Here we have another question from Alzrius…
In regards to spell research, what modifiers are there for trying to invent an arcane version of a divine spell or psionic power? Notwithstanding GM fiat, is such a thing possible (e.g. an arcane cure light wounds, or an arcane hypercognition)?
Well, it is a perpetual (and much-argued) point, but Bards are specifically noted as casting arcane spells, and they get Cure Light Wounds. Ergo either it’s possible or Bards are using some unique form of magic or it’s a mistake that was never fixed.
My usual first and second-edition theory was that divine magic offered an advantage in fine control, since the god – from whom the cleric was presumably drawing the power for his or her spells – filtered, regulated, and partially shaped the power of raw, wild, magic (whatever its source might have been in a given game) before passing it on to his/her/its clerics. Ergo, divine spellcasters had far better fine control than arcane spellcasters, but less raw power and a spell selection that was strictly limited by the nature of their god. Therefore spells calling for very fine control – such as healing – were a lot easier for divine spellcasters, while spells calling for raw power (fireball and meteor swarm) were a lot easier for arcane spellcasters.
Very high level divine spells – like Earthquake – presumably called for the direct attention of the deity or the greater powers of nature (or whatever), but that was reasonable enough; they were supposed to be major miracles. Dragon Kings, and the original Tome of Magic, complicated things with Psionic Enchantments and Quest Spells – but not very much. Those had explanations for how they surpassed the normal limits.
Then, of course, third edition replaced the Spheres, and the notion that each god would probably only offer a sublist of the general clerical spell list, with a fully generic spell list restricted only by a few aligned spells and the Domains – most of which contained quite a few arcane spells. It would be easy enough to add the notion that each god provided more power – enough to match arcane spellcasting – in his/her/its specialities, but it’s a good deal harder to account for the fact that such a large percentage of the spells are now quite identical without assuming that the power sources involved, and the ways that they’re manipulated, are almost identical.
There really isn’t much distinction when it comes to Arcane and Psionic effects either. There may not be an “Arcane Hypercognition” – but “Moment of Omniscience”, with pretty much identical effects, certainly seems reasonable.
About the only real distinction now is theme. Clerics get healing and a better selection of buffs and defenses. Druids get more nature-related spells, Bards lean towards sound, illusions, and mental effects, and Wizards and Sorcerers get the big energy attacks, the odd stuff, and a dose of almost everything else EXCEPT healing – unless they want to invest in, say, Limited Wish to duplicate such spells.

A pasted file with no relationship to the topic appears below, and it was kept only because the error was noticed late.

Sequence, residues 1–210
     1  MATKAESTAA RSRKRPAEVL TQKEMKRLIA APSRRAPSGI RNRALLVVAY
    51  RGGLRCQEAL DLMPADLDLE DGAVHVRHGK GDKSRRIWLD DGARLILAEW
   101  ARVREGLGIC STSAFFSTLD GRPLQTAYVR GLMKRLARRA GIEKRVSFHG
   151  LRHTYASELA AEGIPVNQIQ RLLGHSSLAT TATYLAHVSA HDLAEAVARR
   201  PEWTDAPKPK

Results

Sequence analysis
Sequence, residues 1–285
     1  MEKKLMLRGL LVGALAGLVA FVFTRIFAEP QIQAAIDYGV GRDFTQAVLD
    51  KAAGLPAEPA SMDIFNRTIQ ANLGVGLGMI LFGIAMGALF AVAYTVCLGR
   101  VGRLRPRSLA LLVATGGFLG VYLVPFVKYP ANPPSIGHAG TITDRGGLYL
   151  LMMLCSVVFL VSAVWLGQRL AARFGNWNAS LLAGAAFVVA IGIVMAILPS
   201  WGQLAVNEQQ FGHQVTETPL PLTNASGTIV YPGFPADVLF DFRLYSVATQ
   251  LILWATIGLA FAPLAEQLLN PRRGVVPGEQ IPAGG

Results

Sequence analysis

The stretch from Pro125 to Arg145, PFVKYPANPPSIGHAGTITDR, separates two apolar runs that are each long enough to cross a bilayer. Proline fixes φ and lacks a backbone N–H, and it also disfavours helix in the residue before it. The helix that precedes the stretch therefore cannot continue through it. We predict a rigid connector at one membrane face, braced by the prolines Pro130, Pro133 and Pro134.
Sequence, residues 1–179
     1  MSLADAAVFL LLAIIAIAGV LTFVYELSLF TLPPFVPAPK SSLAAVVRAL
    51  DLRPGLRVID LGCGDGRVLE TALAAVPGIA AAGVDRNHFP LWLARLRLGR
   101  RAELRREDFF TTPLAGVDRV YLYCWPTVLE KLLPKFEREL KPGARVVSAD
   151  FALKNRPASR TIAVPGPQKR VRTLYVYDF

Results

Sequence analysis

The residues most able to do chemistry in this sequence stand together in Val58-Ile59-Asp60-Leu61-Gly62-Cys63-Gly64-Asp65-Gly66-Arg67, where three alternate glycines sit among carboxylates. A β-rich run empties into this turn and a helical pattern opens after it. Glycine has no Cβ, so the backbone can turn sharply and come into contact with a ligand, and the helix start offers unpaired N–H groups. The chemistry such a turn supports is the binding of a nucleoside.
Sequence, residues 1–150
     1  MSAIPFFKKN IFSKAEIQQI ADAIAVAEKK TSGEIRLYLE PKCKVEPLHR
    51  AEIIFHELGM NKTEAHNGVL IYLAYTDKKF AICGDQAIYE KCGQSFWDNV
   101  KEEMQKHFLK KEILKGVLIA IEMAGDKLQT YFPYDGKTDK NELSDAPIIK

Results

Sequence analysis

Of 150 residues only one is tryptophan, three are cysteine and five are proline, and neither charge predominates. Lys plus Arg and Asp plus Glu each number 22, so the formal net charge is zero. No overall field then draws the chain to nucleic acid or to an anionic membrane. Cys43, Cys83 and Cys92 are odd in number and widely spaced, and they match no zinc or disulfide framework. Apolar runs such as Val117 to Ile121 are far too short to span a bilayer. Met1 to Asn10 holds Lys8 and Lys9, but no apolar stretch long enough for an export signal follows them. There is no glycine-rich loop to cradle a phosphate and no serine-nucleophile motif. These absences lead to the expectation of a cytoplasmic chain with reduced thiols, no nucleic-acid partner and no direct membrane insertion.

Given that, at the moment, I’d recommend a very simple modifier: if you want to research a spell that the game master feels is “out of theme” for your character type, about +4 spell levels seems appropriate – a modifier high enough to explain why no one bothers. Otherwise – given how popular the idea of researching some effects is – I’d expect the existence of such spells, and why no one uses them, to be fairly well known.
In Eclipse, the simplest option is to simply take the basic Theurgy ability (not the Theurgy magic system; I just ran out of names for magic systems). It allows the user to convert spells from one list to another, albeit with an increase of +1 to +2 spell levels. That’s a pain, but it does put the spells on your list of potentially-available spells – and so will let you use wands and other spell-trigger items containing them without further fuss. That can be pretty handy.
Alternatively, you can use one of the freeform magic systems – but if you’re asking the question, your game master probably isn’t letting you use those.
My personal suggestion would be to stay within theme and come up with some spells that do what you want some other way. If what you want is “Cure Light Wounds”…
- A simple first or second level arcane spell – perhaps named “Mystic Surgeon” – might expand on what you can do with the Heal skill, allowing the use of the expanded table that this character uses.
- Polymorph heals injuries as if the character transformed had rested for a night. Ergo, “Plasmic Flow” (at level two) might render the recipients flesh momentarily malleable, and then let it revert to normal without bothering with the full Polymorph effect, healing the target similarly. At level three a similar spell (lets call it “Wounds like Mist”) could “pulse” several times, thus providing several days worth of healing – potentially more effective than a Cure Serious Wounds spell at higher levels.
- Now, if you can Plane Shift at spell level seven, and – relevantly – create an Antimagic Field at level six, then Invoke Dimensional Overlay should be about level seven. That would have a short range and affect a 15′ radius for up to five minutes per level of the caster (unless dismissed). This spell would give the affected area the planar traits of any co-existent or inner plane or any other plane which the caster has personally visited. You could use that to heal by tapping the Positive Energy Plane – or to enhance a variety of other abilities by tapping into various other planes.